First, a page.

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Byron Shire
August 9, 2022

Chickens and stilt walkers drawing on life

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Comment: Time for another Police Royal Commission? 

It might be time for another investigation into the NSW Police Force, but this time, the police conduct under the microscope would be alleged overreach in the application of certain powers.

Other News

Tucked away in a Mullumbimby music studio, a group of local musicians have been pouring their hearts out through song.

Backlash

Last week’s Backlash asked why the disused rail corridor couldn’t be utilised to prevent another ‘shemozzle’ at Splendour, suggesting...

Splendour sinks

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Israel Junkets

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Festival goer dies with meningococcal disease

Late last night thousands of Splendour in the Grass ticket holders received an email alerting them that NSW Health has been notified of two cases of meningococcal disease in people who attended the festival.

Richmond Tweed Regional Library Mobile Library is on the road

Following the destruction of the previous trailer in this year’s unprecedented floods, a replacement trailer for the Richmond Tweed Regional Mobile Library has arrived – it's been polished and loaded with brand-new books and is on the road.

Kids’ Big Day Out at the Byron Writers Festival

Exploding chickens (not real ones), stilt walkers, drawings that come to life before your eyes and the chance to meet your favourite authors and illustrators – Kids’ Big Day Out at Byron Writers Festival has got it all and then some! This year, The Farm Byron Bay has come on board as a festival partner to make the day even more fun. Get your hands dirty in the mini-garden pots with Farmer Johnson or get crafty and creative with Trudi from Farm Kids. Every Kids ‘Big Day Out ticket also includes a complimentary tour of The Farm Byron Bay!

To celebrate Kids’ Big Day Out, The Echo enlisted the help of local junior journalists to ask questions and review the books of some of the authors appearing at Kids’ Big Day Out.

Anna Fienberg
Anna Fienberg

Anna Fienberg

Anna Fienberg is the author of many popular and award-winning books for children of all ages, including the Tashi series, Figaro and Rumba, Louis Beside Himself, Number 8 and Horrendo’s Curse, which was an Honour Book in the 2003 CBCA awards.

Who is your favourite character in any of your books? (Morgan, 11)

You know, it’s hard to choose a favourite character from my books. I’ve written more than forty picture books and novels, and inside them there’s a crowd of characters that I’ve come to know and feel for and worry and dream about.

It’s a bit like trying to choose a favourite child – they are all precious, and a part of you – even the wicked ones! Unless you experience real compassion and understanding for your characters, they can’t come alive in your heart, or the heart of the reader.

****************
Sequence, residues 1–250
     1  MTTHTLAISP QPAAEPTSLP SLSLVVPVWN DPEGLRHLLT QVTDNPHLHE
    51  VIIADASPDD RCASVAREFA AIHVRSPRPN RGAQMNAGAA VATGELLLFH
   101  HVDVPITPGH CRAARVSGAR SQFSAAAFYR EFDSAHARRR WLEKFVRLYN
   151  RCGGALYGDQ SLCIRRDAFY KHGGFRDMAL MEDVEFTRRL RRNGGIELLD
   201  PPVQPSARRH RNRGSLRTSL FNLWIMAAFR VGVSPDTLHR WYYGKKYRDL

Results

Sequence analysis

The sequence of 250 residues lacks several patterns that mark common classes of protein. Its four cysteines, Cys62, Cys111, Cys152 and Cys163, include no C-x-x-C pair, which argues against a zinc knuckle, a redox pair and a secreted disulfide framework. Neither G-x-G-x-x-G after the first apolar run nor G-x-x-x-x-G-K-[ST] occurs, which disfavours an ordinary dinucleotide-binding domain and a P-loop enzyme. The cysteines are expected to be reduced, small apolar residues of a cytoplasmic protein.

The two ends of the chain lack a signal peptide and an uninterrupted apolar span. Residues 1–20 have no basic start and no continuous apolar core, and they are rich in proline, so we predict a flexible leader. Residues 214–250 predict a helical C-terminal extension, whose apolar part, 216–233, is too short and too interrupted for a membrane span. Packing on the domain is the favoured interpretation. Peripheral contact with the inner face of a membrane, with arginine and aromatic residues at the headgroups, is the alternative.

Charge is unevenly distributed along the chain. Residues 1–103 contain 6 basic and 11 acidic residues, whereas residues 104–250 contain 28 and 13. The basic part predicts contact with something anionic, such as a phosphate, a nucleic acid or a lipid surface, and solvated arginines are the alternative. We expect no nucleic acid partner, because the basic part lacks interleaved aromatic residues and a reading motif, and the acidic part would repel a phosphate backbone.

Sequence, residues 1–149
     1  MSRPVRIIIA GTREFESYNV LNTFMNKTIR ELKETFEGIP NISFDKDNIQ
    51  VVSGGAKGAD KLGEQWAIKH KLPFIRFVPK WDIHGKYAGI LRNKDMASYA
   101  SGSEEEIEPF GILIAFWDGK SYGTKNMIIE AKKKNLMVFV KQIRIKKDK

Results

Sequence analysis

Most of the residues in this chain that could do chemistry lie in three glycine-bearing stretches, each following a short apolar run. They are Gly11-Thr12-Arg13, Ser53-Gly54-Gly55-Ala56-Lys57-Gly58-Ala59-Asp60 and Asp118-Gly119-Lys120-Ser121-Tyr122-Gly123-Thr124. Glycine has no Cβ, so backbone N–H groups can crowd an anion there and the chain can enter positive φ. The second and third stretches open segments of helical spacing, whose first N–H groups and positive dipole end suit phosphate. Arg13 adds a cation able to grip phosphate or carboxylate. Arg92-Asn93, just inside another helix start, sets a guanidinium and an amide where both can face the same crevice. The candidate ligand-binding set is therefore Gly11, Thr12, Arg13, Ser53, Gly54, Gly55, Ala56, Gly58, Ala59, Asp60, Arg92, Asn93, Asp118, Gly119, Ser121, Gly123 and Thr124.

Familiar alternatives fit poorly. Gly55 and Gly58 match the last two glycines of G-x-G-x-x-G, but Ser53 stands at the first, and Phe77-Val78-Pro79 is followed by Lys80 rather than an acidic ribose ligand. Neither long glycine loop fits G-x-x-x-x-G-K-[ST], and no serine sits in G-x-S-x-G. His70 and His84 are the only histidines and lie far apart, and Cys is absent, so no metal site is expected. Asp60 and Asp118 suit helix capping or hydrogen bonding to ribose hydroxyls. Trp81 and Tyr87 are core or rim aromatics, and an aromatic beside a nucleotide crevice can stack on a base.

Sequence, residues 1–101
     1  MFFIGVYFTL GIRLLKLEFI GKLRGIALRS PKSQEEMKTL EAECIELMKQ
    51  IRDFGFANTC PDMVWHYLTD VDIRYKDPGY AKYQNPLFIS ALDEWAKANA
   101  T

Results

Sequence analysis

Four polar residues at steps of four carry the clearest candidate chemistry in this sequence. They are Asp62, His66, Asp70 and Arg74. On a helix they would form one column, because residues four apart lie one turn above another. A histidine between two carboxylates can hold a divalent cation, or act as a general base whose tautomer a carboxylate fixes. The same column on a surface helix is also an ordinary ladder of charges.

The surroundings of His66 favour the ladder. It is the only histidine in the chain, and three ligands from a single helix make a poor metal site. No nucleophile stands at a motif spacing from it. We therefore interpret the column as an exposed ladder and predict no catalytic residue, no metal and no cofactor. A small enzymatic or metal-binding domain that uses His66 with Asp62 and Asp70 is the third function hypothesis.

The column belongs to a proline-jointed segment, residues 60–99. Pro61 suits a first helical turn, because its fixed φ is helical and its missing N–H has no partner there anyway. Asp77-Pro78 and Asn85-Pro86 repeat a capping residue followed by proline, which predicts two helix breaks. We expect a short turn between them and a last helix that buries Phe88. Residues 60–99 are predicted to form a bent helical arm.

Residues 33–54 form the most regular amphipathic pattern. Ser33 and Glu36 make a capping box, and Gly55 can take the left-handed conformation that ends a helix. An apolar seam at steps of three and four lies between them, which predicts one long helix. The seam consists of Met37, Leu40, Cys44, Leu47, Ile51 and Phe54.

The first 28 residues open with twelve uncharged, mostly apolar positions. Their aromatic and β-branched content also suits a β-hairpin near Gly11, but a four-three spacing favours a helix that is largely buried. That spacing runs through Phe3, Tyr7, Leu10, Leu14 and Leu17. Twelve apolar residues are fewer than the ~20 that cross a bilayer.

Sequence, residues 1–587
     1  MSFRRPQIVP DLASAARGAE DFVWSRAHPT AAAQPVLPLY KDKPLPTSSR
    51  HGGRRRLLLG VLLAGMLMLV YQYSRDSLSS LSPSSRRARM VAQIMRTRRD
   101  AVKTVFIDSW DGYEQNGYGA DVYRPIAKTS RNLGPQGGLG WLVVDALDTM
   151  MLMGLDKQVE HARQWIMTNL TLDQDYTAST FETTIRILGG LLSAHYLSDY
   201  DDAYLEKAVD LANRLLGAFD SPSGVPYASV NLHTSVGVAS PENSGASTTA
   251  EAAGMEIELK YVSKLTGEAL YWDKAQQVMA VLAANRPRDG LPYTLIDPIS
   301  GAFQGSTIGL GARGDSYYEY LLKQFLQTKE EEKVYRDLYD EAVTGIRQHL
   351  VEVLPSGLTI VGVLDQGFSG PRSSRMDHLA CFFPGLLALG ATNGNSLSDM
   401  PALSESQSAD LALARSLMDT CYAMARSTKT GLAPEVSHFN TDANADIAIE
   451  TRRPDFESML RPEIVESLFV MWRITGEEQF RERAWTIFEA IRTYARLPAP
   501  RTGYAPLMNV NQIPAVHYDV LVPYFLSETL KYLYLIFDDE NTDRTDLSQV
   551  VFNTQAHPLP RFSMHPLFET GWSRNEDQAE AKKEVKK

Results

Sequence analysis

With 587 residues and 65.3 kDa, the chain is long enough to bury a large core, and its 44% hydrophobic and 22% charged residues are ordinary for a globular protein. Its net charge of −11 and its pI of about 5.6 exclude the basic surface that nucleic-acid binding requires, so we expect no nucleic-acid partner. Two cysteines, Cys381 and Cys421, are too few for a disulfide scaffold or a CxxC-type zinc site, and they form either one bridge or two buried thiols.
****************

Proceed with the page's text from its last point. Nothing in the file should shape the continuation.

Tony Flowers
Tony Flowers

Tony Flowers

Tony is an international award-winning illustrator of more than 25 titles. In between drawing stomping dinosaurs and flatulent ninjas Tony is working towards his PhD. He aims to be the first illustrator in Australia to hold the official title ‘Doctor of Silly Drawing’!

When did you realise you were an illustrator and not just a kid drawing pictures? (Ilja, 11)

I am still just a kid doing drawings, I just tell people that I am an illustrator so that they will take me seriously. I think the main difference between doing a drawing and illustrating is that an illustrator is always trying to tell a story with their drawings, while you can sometimes just have fun doing a drawing for the sake of it.

Tristan-Bancks. Photo Amber Melody
Tristan-Bancks. Photo Amber Melody

Tristan Bancks

Tristan Bancks is a children’s and teens author with a background in acting and filmmaking. His books include the My Life series, Mac Slater (Australia and US) and Two Wolves (On the Run in the US), a crime-mystery novel for middle-graders. His most recent book is My Life & Other Exploding Chickens, a fourth book of weird-funny-gross, semi-autobiographical short stories.

Why do you write about your personal life? (Tiki, 10)

When a story isn’t working I often realise that it has strayed too far from my own experience. I need to have a personal connection to the story. At first, I avoided writing stories that would reveal too much of myself but when I became braver and put myself into the stories, the books became more honest and I found a lot more readers.

BWF 2016 Articles & Reviews


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Tucked away in a Mullumbimby music studio, a group of local musicians have been pouring their hearts out through song.

Pedal power celebrated at Murwillumbah film night

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